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Trump Warns Of Very Tough Two Weeks Ahead; Louisiana Governor To Extend Stay-At-Home Order Through April 30; Washington State Sees Spike In New Cases, Ranks Fifth In U.S Deaths. Aired 10-10:30a ET
Aired April 1, 2020 - 10:00 ET
THIS IS A RUSH TRANSCRIPT. THIS COPY MAY NOT BE IN ITS FINAL FORM AND MAY BE UPDATED.
KATRINA MCCOMBS, SUPERINTENDENT, CAMDEN CITY SCHOOL DISTRICT: -- available.
POPPY HARLOW, CNN NEWSROOM: Okay, good. Good luck to you guys. Superintendent McCombs, thanks for your time.
MCCOMBS: Thank you so much, Poppy.
HARLOW: Top of the hour, good morning, everyone, I'm Poppy Harlow.
JIM SCIUTTO, CNN NEWSROOM: And I'm Jim Sciutto.
Listen, we know you're used to bad news now, but this is a sign of just how sobering the next two weeks could be for this country. Under the best case scenario, where safety guidelines, mind you, are followed, the White House says this country could still see up to 240,000 deaths from the coronavirus.
HARLOW: The president being straightforward with this warning yesterday on a day where 830 deaths were reported, the most reported in a single day so far. Total deaths now close to 4,000 across the country. And with that warning from the federal government, the worst is still yet to come.
States are sounding their own alarm. Governors begging the federal government for more supplies, more ventilators, while the president says nearly 10,000 are being held back because the surge is coming.
SCIUTTO: Part of that hold-up this morning, companies say they're just not getting guidance from the federal government on where to send critical supplies after they were told by the government to make the equipment. Where does it go now?
And now staying at home, at least 80 percent of Americans, imagine that, eight in ten, the question on many of their minds though is how much longer and will the shutdown soon go nationwide? Those are pictures live from Times Square. You never see it like that.
Let's begin here in New York or in New York, rather, with CNN National Correspondent Brynn Gingras. Brynn, tell us what you're seeing there. You have been following the experience of a hospital up there throughout. Tell us what the latest is.
BRYNN GINGRAS, CNN NATIONAL CORRESPONDENT: Yes. Well, the latest is, listen, we have heard health officials saying it. The White House task force has been saying it. Mitigation efforts help, right. And we just have to keep pushing forward and hopefully it will flatten this curve because then that will take the stress off of hospitals, stresses like we're seeing on a daily basis here at this hospital in Elmhurst, which, of course, we know has been mentioned many times by the president, as sources say, seeing pictures of what's happening inside has had him change his tone a little bit about the entire pandemic.
Inside that hospital, I can tell you they are constantly struggling with keeping their levels of patients at the best they can, whether it means moving patients to different hospitals, taking patients that aren't coronavirus patients to the overflow at Javits, at the Comfort.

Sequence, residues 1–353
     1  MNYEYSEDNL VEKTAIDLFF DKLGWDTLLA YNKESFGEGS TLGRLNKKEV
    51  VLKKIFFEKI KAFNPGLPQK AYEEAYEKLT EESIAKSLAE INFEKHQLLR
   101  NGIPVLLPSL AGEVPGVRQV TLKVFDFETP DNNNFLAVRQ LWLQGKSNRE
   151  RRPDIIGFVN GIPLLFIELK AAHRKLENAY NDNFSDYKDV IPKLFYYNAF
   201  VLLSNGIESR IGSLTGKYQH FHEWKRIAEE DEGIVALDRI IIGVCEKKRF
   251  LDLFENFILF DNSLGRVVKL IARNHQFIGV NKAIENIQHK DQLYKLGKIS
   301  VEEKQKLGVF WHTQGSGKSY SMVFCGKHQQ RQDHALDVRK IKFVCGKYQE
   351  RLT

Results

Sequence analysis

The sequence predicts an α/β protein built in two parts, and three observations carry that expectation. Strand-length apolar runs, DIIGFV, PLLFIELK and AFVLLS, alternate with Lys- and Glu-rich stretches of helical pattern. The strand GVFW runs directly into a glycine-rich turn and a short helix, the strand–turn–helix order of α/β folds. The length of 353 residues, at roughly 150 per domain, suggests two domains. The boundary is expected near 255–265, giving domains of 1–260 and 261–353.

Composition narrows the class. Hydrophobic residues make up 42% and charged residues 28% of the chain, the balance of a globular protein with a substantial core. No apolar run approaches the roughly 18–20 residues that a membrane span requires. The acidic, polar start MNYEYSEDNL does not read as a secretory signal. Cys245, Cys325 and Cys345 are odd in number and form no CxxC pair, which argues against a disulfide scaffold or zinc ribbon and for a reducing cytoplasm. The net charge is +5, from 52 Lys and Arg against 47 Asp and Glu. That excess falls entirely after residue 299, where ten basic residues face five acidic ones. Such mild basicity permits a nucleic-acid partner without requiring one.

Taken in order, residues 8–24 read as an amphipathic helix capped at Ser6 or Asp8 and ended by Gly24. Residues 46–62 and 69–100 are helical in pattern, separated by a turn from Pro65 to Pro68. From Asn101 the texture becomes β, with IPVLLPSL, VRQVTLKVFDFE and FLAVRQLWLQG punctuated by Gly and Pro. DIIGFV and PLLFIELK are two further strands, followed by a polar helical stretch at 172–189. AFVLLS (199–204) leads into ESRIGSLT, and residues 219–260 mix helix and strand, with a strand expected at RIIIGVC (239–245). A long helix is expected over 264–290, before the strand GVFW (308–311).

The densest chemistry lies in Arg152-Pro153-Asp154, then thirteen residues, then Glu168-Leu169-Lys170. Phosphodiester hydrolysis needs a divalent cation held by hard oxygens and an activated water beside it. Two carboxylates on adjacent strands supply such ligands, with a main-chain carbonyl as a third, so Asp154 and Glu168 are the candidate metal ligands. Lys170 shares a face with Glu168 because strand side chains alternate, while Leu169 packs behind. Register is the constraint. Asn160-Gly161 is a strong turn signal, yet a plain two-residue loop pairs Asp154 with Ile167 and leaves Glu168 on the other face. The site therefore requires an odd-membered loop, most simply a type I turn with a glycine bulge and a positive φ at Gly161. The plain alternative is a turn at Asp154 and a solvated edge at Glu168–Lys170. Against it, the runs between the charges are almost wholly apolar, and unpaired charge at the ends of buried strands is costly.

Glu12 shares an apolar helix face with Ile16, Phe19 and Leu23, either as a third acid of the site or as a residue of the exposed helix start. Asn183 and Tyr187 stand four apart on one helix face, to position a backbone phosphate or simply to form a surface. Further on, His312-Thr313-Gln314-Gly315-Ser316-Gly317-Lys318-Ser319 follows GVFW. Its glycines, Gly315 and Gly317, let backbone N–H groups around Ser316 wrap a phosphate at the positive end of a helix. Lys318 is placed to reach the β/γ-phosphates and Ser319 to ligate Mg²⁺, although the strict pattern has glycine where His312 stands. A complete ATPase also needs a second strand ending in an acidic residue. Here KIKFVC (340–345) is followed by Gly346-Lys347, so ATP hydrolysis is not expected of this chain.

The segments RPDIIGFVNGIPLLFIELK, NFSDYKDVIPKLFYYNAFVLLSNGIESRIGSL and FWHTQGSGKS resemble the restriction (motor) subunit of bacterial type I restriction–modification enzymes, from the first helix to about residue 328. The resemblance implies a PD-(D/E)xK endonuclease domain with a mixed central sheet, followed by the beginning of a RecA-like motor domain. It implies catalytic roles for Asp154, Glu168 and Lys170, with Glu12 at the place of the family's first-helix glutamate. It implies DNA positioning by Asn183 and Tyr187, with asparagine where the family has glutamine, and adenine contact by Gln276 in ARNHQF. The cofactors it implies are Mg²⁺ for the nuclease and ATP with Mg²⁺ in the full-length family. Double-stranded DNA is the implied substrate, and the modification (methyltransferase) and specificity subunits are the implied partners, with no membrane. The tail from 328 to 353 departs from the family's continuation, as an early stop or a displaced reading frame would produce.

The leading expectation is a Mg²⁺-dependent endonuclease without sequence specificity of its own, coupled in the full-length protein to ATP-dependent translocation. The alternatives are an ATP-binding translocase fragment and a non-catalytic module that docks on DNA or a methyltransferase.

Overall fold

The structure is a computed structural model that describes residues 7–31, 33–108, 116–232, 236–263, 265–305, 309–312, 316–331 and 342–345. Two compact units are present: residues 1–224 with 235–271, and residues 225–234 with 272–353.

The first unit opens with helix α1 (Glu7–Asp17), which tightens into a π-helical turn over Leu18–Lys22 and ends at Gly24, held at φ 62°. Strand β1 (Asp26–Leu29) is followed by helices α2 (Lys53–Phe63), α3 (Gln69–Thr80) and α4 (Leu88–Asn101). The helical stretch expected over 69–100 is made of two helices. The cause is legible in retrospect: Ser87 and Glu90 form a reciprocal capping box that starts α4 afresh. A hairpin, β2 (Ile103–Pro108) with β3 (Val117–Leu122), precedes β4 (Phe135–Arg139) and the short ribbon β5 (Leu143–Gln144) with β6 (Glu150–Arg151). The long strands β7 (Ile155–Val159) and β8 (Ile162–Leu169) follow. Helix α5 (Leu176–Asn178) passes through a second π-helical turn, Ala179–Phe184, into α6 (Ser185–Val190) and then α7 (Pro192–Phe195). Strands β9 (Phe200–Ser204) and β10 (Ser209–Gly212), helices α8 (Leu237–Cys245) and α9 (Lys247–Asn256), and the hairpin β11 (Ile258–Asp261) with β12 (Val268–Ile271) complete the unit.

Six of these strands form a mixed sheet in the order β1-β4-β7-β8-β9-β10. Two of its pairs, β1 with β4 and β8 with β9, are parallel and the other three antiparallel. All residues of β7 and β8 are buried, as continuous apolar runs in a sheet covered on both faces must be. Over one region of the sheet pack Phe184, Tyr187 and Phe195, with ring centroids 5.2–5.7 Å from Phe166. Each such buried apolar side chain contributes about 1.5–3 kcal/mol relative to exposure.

But what we're hearing is that it's not so much a volume at this particular hospital. It's more of how serious and how critical these patients coming in are, their condition. Essentially, the emergency rooms are being overflowed. People are actually having to sleep in emergency rooms because there aren't enough beds in the ICU unit. So that's why Governors, not here, but also all across the country are begging for those critical supplies, especially those ventilators, because, again, we're several weeks away from this surge. And even the mayor here in New York City says we actually will be even closer to that by the end of this week.
HARLOW: Wow, sleeping in emergency rooms. Brynn, thank you.
Florida state lawmakers and health experts are demanding that the governor, Ron DeSantis, issue a statewide shutdown, of course, as COVID spreads across the state that has so many. I think it's 1 in 5 residents are senior citizens. Our Correspondent, Rosa Flores, joins us from Florida.
And to this point, the governor has left it up to cities and counties to decide on their own. Why?
ROSA FLORES, CNN CORRESPONDENT: You know, Poppy, you're absolutely right. And Democratic leaders, the agriculture commissioner, experts, have been criticizing the governor and pressuring him to issue a statewide stay-at-home order. and the governor has maintained throughout that he has not issued one among other things because the virus has not impacted every single corner of the state. Instead, he has issued a mandatory isolation order for any air travelers coming in from New York, New Jersey, Connecticut, and then he later added Louisiana. And so that has added to the criticism.
What he did do was he issued a regional safer at home order that includes Miami-Dade, Broward, Palm Beach and Monroe Counties. And it's no mistake because the three counties account for 63 percent of the more than 6,000 cases in the state, but it's a bit late. And that's part of the criticism too because local governments had already issued those types of stay-at-home orders by the time the governor issued a regional one. Jim, Poppy? SCIUTTO: So you got two cruise ships, they're off the coast of Florida, they have sick passengers onboard, they've got hundreds of U.S. citizens onboard, including residents of Florida. They're still being blocked from coming ashore. What's going to happen to them?
FLORES: No, that ship still does not have permission to dock. It's a huge controversy here because the passengers onboard have been pleading, posting on social media, asking the governor and the United States to open its doors so that these people can get help.